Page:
Vulnerable fostered teen left in police custody for 7 hours

Children|March 13th 2015

A local authority left a vulnerable teenager in police custody for more than seven hours, a High Court judgement has revealed.

London Borough of Brent v K concerned a girl referred to as ‘B’. She was born in 1998 and subsequently taken into care in 2005. She was placed for adoption but a suitable home was not found and she remained in foster care.

Two years ago the situation began to deteriorate when B suffered an unspecified “enormous personal tragedy”.

In the judgement, Mr Justice Newton declared:

“On any view B was a very vulnerable person indeed, requiring help, support, guidance and protection.”

The teen began to self-harm, regularly absconding from foster care and associate with men, placing her at risk of sexual exploitation. Finally, in November last year, she returned to her foster home with bruising to her upper arms. She left again the following day. B returned briefly again several days later for a change of clothing.

By then the local authority had been alerted and, concerned for the girl’s welfare, applied for an ‘emergency collection’ order, allowing them to take B from the place she was staying into alternative foster accommodation in another location.

The application was quickly granted. Judge Newton explained:

“I heard that urgent application … and would not have granted the order had I not been satisfied that appropriate and protective arrangements for placement and transportation – that is to say an escort – were securely in place. That proved not to be the case.”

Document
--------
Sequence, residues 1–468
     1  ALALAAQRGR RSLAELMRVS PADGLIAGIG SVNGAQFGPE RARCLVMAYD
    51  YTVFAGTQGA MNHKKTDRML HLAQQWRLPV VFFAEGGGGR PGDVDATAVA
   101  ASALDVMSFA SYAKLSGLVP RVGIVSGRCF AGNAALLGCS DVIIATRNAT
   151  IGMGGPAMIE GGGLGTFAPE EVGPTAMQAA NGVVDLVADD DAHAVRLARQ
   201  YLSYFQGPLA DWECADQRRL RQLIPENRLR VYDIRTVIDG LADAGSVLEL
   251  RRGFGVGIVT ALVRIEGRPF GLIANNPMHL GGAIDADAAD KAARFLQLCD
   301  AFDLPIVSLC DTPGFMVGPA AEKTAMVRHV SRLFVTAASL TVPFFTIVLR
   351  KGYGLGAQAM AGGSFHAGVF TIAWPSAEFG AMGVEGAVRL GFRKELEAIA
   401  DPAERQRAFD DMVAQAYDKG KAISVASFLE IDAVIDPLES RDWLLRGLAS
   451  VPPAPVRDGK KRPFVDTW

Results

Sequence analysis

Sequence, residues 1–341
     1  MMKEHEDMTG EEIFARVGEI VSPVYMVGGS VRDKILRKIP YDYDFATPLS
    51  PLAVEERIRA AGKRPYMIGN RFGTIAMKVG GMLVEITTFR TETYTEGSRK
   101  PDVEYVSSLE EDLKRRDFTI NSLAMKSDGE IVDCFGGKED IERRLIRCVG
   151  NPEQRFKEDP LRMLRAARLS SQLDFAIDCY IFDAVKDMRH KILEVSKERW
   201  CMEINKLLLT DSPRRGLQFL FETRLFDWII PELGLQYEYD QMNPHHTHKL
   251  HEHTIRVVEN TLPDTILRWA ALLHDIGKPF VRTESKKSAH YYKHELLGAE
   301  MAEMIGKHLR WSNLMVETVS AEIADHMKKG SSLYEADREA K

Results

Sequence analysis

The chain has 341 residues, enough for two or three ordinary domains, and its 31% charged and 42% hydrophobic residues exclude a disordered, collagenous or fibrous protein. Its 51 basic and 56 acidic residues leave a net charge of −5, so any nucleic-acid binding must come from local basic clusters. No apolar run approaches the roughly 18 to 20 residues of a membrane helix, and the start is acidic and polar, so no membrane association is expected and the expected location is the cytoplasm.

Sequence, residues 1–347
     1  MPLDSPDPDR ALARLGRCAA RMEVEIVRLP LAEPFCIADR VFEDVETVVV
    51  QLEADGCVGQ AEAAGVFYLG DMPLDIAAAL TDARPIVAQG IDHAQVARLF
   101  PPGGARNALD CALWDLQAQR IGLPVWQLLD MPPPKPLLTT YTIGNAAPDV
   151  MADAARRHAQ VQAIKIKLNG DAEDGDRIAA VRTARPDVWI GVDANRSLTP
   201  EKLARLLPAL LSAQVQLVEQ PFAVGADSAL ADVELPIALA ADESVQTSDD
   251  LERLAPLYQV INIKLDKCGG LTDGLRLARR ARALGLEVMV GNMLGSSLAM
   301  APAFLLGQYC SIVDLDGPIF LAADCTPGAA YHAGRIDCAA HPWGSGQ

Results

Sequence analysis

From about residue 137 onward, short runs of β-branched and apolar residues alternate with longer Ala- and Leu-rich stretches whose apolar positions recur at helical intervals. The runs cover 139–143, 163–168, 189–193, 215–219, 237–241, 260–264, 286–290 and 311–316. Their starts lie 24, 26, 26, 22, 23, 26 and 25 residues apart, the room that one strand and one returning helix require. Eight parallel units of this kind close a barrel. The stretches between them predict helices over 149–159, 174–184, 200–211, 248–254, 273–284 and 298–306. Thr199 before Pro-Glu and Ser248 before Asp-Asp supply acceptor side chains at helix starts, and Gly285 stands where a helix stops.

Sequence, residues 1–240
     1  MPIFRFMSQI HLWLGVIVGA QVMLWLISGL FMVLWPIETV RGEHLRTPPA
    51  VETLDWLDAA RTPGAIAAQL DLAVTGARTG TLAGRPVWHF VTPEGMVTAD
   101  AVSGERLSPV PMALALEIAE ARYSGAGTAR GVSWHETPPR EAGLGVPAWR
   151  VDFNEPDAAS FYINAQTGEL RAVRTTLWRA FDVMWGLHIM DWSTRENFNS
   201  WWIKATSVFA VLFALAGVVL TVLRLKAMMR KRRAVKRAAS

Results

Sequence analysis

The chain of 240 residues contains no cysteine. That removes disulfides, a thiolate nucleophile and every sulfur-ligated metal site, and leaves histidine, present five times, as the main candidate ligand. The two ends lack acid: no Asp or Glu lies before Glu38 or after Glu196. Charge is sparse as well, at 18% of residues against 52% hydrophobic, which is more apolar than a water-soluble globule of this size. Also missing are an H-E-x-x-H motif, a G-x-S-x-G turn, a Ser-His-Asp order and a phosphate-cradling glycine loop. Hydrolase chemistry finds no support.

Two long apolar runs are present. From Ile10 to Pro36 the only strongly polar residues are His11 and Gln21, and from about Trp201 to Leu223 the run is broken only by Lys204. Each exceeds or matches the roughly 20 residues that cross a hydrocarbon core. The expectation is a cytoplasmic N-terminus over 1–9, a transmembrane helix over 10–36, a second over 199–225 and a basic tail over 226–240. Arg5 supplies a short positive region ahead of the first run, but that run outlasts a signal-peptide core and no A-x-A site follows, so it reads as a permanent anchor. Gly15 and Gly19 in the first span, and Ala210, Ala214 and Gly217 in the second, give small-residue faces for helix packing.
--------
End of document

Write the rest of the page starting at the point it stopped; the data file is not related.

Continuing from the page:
Police officers found B and took her back to the station at 7.30pm, only to discover that Brent had in fact made no arrangements for her to be escorted onwards to new accommodation. As a result, B was left in the police station, looked after by officers while they made a succession of phone calls to social services. Many of the individuals contacted did not appear to believe that the situation was an urgent one or were not interested in helping, the Judge noted.

In the end, transportation and new accommodation for B was arranged by an emergency duty of social workers, a process which took until 3am.

Mr Justice Newton explained:

“As a result, B continued to be held in police custody for over seven hours. She was extremely distressed. Whilst I could not fault the dedication and professionalism of the police, it is difficult to imagine a more unsuitable environment.”

Judge Newton was highly critical of the “inaccurate or misleading” information supplied to the court when the authority applied for the emergency collection order, and described the resulting need for B to remain in police custody until the small hours of the following morning as “nothing short of disgraceful”.

He concluded:

“I have the gravest reservations that the emergency systems in this authority are not remotely suitable or fit for purpose.”

Read the judgement here.

Author: Stowe Family Law

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